Using circle grids for rugby drills

The main aim of the circle grid is to coach close-up technique drills, for instance drills that coach core skills such as maul technique or the offload.

The players start on the outside of the outer of two circles and work towards the centre. They cannot practise the drill inside the inner circle. Cones act as markers to indicate the limits of each drill station.

The coach stays inside the inner circle, moving around talking to each drill group. Any rugby drill demonstrations can take place inside the inner circle and then be quickly activated by the groups. Ideally the group sizes are no more than four, so there is plenty of activity.


  • Players have a good view of all the participants in the drills, so can see where they can improve, or mimic what is going on.
  • The coach can move quickly to each station to correct technique and deal with problems.
  • Any demonstration or quick coaching point can be made in the centre of the grid with all the players focused on the coach, rather than having to gather players around.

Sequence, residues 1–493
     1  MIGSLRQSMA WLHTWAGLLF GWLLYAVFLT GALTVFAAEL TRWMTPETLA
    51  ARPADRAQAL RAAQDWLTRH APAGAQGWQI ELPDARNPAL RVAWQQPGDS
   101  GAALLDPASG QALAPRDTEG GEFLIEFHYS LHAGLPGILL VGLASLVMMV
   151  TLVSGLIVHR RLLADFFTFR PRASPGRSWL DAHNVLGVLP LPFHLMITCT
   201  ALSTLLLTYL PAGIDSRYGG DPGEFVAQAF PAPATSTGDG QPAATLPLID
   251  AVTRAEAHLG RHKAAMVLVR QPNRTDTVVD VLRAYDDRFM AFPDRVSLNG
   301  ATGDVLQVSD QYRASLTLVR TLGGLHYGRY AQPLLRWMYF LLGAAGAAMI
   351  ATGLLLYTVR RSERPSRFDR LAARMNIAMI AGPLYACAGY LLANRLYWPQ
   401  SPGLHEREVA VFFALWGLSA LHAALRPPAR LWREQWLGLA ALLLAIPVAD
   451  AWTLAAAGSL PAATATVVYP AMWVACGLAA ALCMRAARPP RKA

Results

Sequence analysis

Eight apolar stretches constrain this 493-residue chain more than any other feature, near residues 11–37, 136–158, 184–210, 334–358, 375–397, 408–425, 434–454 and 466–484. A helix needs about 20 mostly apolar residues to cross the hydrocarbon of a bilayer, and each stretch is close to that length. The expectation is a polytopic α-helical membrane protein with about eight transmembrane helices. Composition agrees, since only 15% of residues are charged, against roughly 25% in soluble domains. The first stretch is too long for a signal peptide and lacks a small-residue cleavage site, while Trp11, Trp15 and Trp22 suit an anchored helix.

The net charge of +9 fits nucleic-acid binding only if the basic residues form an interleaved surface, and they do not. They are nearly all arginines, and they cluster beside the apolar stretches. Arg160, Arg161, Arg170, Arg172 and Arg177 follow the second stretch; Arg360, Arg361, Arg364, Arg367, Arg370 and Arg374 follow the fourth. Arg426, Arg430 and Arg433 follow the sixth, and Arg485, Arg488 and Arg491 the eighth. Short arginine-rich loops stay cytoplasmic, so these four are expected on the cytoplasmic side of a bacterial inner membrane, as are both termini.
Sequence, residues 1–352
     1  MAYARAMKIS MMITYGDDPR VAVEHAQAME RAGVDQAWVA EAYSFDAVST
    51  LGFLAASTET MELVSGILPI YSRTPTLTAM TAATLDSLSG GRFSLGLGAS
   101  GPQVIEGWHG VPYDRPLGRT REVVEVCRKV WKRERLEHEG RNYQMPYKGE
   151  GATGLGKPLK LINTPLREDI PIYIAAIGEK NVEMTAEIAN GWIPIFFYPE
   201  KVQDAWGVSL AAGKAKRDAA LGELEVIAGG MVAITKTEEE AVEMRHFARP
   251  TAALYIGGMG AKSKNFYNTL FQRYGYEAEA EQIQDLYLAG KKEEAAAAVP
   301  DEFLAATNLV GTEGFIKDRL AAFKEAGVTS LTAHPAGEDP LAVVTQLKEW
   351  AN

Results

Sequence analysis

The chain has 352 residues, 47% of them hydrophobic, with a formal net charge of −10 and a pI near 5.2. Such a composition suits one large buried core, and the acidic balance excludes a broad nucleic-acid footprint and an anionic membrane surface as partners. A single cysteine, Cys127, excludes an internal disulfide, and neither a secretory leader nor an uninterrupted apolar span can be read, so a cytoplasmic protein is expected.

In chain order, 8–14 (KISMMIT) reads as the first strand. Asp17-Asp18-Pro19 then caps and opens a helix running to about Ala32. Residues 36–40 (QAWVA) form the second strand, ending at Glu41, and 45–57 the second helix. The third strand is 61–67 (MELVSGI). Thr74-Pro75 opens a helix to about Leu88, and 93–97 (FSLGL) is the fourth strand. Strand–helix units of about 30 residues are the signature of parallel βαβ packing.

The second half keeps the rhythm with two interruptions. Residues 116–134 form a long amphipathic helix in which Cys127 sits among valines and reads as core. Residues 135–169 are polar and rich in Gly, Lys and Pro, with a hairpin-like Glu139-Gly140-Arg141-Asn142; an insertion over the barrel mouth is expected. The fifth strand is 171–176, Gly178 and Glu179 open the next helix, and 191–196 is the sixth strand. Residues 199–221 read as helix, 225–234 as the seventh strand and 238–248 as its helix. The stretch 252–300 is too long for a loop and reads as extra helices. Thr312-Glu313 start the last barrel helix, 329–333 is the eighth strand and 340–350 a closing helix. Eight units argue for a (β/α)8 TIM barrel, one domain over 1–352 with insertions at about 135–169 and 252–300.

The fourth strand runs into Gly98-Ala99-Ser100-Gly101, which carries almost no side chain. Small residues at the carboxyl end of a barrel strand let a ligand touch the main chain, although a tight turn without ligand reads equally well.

• Using grids for drills is good for less experienced players who are not used to instruction.
  • This is a different style of coaching, so can motivate players who are tired of the normal routines.
  • A second coach can move around the outside of the circle, offering one-to-one advice and still be in good sight of the other groups.
  • The coach at the centre is the focus of the technique.


  • The coach has their back to some of the groups. If there’s only one coach, then they will need to be moving around as much as possible.
  • You cannot practise any width in the drill. For example, you cannot pass over more than a very few metres.

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